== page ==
TITAS stands for Texas International Theatrical Arts Society, but not since the 1999-2000 season has the presenter put so many international acts on stage. Over the next nine months, TITAS is bringing six international dance troupes to Dallas—four making their Texas debuts—the most since dropping music shows from its schedule and going all-dance four years ago. “I’ve been spending a lot of time these past few years connecting with consulates and with festival directors around the world,” TITAS director Charles Santos says in an interview at his 18th floor office in downtown Dallas.
That has turned him into a world traveler because he doesn’t like to rely on video or word of mouth when selecting groups for his season. “Especially with companies I don’t know, I have to see the work in person,” he says. Lately, Santos been been looking in Asia; that’s reflected in the inclusion of companies from China and South Korea in the 2019-20 season, along with troupes from France, Mexico and Canada.
Seoul’s ChangMu Dance Company (April 11, 2020) and its founder, Kim MaeJa—“the godmother of contemporary dance in Korea,” Santos calls her—have been touring the world for 35 years. “When she walks down the street, people bow to her,” says Santos. ChangMu’s aesthetic mashes up a variety of traditional Korean styles, including shaman, Buddhist, folk and court dances, “but it’s very contemporary in its presentation,” Santos says. “They use very stark, modern white lighting, but they’ll be wearing traditional Korean costumes, and they’ll move elegantly with a lot of gestural work. They take their time, which we really don’t do over here. It’s so luscious to look at.”
BeijingDance/LDTX (Feb. 28-29, 2020) was founded in 2005 as the first independent contemporary company recognized by the Chinese government. Lei Dong Tian Xia, or LDTX, translates to “thunder rumbles the universe.” Santos, who takes a curator’s approach to the TITAS season, selected Arc, the first evening-length work created by the company’s Mongolian resident choreographer Adiya, for the Dallas program over another piece that was offered. Other presenters agreed, so LDTX is performing Arc, which deals with life’s ebbs and flows, at other tour stops, Santos says. “You see the Chinese roots and the Mongolian roots in the way they use their feet, the way that some of the movement is structured. I love that though it’s very contemporary, there’s a sense of history inside the work, and there’s an abandon in the movement that I really like. It’s just very clever.”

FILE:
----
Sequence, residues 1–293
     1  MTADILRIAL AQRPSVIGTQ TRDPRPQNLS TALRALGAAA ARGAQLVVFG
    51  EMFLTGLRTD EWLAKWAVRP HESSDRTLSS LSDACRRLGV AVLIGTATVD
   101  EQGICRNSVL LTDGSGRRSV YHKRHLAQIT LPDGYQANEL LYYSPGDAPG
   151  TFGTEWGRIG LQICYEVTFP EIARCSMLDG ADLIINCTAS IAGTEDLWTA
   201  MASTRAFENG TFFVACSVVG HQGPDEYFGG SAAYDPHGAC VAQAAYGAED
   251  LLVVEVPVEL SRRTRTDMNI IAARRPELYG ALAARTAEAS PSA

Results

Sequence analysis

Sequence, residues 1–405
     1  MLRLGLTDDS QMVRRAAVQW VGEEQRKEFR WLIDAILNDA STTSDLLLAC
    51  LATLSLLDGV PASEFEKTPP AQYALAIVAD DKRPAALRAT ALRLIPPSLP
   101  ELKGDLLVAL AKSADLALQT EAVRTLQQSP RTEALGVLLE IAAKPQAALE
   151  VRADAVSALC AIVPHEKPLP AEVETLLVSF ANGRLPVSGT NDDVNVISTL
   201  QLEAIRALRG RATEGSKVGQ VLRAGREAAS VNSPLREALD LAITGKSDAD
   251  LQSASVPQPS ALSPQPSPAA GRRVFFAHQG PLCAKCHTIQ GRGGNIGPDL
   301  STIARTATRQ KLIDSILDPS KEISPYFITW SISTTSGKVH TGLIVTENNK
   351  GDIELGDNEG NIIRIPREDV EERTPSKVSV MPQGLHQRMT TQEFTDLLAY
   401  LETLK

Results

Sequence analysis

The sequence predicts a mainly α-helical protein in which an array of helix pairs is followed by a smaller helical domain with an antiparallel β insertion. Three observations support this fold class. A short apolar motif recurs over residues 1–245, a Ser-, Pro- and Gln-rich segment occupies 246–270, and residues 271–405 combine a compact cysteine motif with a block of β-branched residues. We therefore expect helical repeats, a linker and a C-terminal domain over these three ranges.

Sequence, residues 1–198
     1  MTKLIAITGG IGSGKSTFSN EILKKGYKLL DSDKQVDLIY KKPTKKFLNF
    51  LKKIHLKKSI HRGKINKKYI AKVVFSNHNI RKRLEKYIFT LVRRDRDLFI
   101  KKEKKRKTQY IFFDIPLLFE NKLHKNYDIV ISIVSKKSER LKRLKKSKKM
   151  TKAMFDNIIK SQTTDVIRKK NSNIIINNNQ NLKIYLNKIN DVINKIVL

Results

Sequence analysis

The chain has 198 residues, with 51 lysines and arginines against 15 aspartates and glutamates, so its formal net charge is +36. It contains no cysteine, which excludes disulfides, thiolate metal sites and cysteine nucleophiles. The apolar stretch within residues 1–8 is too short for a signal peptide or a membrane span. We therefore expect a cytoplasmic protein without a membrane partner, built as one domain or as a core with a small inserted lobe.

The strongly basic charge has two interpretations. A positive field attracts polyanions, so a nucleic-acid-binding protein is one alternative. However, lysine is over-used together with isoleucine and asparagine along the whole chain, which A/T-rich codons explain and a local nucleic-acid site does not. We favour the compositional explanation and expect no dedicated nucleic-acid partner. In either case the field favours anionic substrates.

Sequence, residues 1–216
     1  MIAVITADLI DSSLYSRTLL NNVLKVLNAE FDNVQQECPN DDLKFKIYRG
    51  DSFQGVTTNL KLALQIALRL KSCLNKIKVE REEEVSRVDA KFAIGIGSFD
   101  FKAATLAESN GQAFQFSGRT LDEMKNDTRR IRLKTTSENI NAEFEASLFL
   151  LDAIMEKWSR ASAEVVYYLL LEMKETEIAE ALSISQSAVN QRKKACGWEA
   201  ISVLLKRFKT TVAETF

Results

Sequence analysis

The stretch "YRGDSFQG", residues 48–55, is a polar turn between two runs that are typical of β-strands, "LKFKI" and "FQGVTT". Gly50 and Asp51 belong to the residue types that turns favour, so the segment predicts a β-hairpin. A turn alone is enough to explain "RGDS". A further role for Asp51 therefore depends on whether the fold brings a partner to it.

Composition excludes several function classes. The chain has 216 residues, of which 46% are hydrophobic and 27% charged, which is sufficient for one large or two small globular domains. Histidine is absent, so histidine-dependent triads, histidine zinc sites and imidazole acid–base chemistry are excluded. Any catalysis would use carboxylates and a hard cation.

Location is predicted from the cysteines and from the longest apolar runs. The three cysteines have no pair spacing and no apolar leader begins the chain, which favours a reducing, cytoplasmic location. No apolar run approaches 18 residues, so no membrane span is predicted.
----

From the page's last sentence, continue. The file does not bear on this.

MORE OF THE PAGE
The other international troupes making their Texas debuts in the 2019-20 TITAS season are also performing evening-length works. México’s Mazatlán-based Delfos Danza Contemporánea (Jan. 31, 2020), founded in 1992 by dancer-choreographers Claudia Lavista and Victor Manuel Ruiz, will bring Cuando los Disfraces se Cuelgan (When the Disguises are Hung Up), described as “a reflection on appearances and the disguises we put on in order to navigate a world.” Their names may sound familiar because in 2016 they created new choreography to Stravinsky’s The Firebird around the theme of migration for the Meadows Dance Ensemble at Southern Methodist University.
Meanwhile, Rubberbandance Group of Montreal (May 1-2, 2020), distinguished by Los Angeles-born Mexican-American choreographer Victor Quijada’s deft mashup of breakdancing and ballet, is presenting Ever So Slightly, to be accompanied live by a DJ and a guitarist. “Sometimes I feel when I see hip-hop oriented pieces that there’s this moment where they go, ‘OK now I’m going to do my tricks’ and there’s a pause in the energy, and I hate that,” Santos says. “I found Victor’s work much more organic. He’s one of the people that has successfully bridged two different kinds of dances without looking clunky…It’s sexy.”
The season already opened with the return of Ronald K. Brown’s Evidence, A Dance Company out of New York in September, to be followed this fall by Los Angeles-based Bodytraffic (Oct. 25-26) and Vancouver’s Ballet British Columbia (Nov. 8-9), both repertory companies featuring the work of leading national and international choreographers, and Connecticut-based MOMIX (Dec. 13), with a greatest hits spectacle called Viva MOMIX.
One of the most sought-after tickets of the season will be Alvin Ailey American Dance Theater (March 13-14, 2020), if for no other reason than to see Ailey’s popular signature work, Revelations, at the end of every performance. Before that, France’s Malandain Ballet Biarritz (Feb. 7-8, 2020) will take a second shot at bringing artistic director Thierry Malandain’s version of Prokofiev’s Cinderella to Dallas. Originally part of the 2014-15 season, the sets and costumes for Cendrillon never made it off the boat after traveling from France. (A new repertoire was devised on the spot and included a shopping trip by Santos to Home Depot.) The season closes with the TITAS Command Performance fundraising gala featuring duets and solos by star dancers (June 6, 2020).
“I don’t want to pander, but I also don’t want to throw away the audience we have,” he says about creating balance between the familiar and the adventurous. “I think we have helped Dallas build a more informed dance audience because we’re bringing such a diverse roster of artists every year.”